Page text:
This week, the Zimbabwean newspaper Zimbabwe Independent revealed that local government minister July Moyo has been implicated in a tender scandal of €120M involving the construction of a waste incinerator at a landfill close to the capital Harare.
A Brief Overview of Integrated Energy in Albania
The company involved in the scandal is Integrated Energy BV, a Dutch shell company owned by Albanian business Klodian Zoto.
The story of Integrated Energy BV begins in May 2016, when the company, even before it was officially registered in the Netherlands, presented an unrequested proposition at the Ministry of Energy to construct a waste incinerator near Tirana on the basis of public–private partnership (PPP) for a thirty-year concession, at a value of €140 million. Board members of Integrated Energy BV have been previously involved in fraud.
On December 7, 2016, the government approved a Decision (VKM) that gives the company a bonus of 8% of the available points in the tender bidding process. Unsurprisingly, Integrated Energy won the tender process, which was developed without any form of public consultation.
In October 2017, Exit managed to contact Hans Wallage, one of the directors of Integrated Energy, who explained that although the company had no experience in waste management, Tirana’s tender was seen as an opportunity for good business by the company’s shareholders.
Since 2018, the municipality of Tirana has paid nearly €12 million to Integrated Energy, while no incinerator has yet been built, even though the initial estimates were valued at around €1 million per year.
Meanwhile, through several dubious construction, Integrated Energy has also acquired the ownership of the incinerator projects in Elbasan and Fier. The Albanian government has been active in repressing local protests against these project, which are damaging to the environment and health of local residents.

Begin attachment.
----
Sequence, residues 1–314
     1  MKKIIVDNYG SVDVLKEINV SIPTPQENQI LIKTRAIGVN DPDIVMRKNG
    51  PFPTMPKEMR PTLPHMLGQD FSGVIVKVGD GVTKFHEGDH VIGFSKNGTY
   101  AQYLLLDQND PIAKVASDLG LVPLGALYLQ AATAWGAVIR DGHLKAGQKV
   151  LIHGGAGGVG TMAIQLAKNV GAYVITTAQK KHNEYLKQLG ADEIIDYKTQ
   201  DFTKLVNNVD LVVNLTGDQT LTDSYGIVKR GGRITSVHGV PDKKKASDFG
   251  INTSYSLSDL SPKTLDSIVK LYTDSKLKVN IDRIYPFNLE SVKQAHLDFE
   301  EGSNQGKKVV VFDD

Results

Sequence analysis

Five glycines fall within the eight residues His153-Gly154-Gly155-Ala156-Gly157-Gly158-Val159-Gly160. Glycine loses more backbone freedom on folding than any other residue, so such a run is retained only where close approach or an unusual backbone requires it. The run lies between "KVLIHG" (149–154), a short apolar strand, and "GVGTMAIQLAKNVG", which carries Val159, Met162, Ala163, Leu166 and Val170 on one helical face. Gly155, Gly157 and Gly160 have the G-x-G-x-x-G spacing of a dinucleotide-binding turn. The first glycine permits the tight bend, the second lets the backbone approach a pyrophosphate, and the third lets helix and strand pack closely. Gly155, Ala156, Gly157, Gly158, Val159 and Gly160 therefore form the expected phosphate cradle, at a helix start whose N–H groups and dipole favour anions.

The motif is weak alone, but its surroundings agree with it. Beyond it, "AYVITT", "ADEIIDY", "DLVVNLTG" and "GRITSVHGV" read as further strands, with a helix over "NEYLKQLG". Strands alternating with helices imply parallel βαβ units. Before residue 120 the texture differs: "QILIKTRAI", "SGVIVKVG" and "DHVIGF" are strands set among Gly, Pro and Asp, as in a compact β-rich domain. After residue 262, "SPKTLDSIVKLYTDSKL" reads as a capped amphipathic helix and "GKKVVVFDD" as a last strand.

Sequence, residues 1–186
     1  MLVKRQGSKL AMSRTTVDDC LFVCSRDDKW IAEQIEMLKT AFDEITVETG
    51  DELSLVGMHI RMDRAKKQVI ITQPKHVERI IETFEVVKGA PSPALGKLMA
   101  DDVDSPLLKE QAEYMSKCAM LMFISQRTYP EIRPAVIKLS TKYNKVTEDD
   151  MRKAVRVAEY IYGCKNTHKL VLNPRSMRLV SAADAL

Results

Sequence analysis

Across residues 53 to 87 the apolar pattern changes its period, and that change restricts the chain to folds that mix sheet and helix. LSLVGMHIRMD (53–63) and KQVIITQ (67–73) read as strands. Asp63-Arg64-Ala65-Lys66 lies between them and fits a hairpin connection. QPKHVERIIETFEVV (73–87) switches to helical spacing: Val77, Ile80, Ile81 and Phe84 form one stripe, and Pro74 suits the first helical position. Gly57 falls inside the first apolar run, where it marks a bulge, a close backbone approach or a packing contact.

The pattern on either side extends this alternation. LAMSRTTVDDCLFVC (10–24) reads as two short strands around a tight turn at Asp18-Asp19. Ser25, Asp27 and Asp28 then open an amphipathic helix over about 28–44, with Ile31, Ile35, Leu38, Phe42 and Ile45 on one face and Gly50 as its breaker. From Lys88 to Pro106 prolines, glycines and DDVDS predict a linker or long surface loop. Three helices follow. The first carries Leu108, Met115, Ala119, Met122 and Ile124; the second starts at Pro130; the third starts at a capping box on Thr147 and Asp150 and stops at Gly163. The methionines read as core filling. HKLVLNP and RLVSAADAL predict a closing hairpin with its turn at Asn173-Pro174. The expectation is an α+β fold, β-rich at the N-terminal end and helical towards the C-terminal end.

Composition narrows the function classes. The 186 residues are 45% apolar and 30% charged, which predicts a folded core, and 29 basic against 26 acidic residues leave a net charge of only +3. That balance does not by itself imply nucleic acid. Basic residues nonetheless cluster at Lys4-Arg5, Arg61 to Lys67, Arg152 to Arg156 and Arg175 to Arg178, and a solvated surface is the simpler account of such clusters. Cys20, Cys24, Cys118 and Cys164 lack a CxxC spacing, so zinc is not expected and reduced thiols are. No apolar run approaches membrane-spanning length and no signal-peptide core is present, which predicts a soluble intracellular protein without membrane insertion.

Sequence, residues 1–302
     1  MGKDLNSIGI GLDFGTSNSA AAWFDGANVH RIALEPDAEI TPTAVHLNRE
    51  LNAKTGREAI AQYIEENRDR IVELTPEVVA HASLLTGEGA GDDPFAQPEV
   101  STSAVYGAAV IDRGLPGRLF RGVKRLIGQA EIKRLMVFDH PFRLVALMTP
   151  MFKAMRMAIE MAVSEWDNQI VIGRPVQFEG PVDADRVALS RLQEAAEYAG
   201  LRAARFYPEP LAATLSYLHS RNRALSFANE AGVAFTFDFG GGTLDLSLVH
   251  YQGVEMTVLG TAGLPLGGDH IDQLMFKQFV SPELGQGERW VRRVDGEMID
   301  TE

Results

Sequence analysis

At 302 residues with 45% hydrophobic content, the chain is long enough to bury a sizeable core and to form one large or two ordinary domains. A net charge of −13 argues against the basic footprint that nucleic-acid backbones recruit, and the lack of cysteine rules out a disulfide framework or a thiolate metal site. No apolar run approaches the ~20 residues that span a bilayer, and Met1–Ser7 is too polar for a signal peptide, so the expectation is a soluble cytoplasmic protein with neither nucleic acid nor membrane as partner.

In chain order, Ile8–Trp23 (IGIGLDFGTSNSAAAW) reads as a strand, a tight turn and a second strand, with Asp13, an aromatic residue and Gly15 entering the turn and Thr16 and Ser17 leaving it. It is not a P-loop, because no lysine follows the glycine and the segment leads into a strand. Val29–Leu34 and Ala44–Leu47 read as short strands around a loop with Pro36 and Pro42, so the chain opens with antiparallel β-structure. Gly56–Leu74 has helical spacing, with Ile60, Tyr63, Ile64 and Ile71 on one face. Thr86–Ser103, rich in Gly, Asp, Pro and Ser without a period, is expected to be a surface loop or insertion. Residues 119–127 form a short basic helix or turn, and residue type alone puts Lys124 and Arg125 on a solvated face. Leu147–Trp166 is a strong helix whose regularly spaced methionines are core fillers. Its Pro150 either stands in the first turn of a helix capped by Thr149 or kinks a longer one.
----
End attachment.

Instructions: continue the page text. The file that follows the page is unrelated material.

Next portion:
What Happened in Zimbabwe?
It appears that Integrated Energy followed similar paths in Zimbabwe. According to the Zimbabwe Independent, Zoto’s company “did not participate in the tendering process,” signing a Memorandum of Understanding with the Zimbabwean government even though it was “not among three companies, which responded to a tender invitation for the project” in 2018.
As in Albania, Integrated Energy proposed a public–private partnership at no cost for the state: “Sources say that [Integrated Energy] approached [Minister] Moyo when the second invitation was issued and offered to construct the plant on a build, operate and transfer arrangement for an as yet to be specified period.”
What is remarkable, is that Integrated Energy claimed to have “Company capital of around €120 million (US$135 million), €5 million (US$5,63 million) bank loan,” while “the rest would be financed through suppliers’ contracts and periodic payments by government,” according to Harare town clerk Hosiah Chisango. Three years ago, the newly registered company had a starting capital of only €50,000 and no employees. That’s an increase of 24,000%!
The main problem in uncovering the reality behind Integrated Energy BV is that it is currently registered as a postbox company in the Netherlands, one of the most prominent corporate tax havens in the world. As a result, the final beneficiaries of Integrated Energy and its money streams remain hidden from public scrutiny. Multiple Albanian concessions and PPPs have profited from the Dutch tax-haven status to siphon off large amounts of public money into unknown hands, making them the perfect vehicles for corruption and money laundering.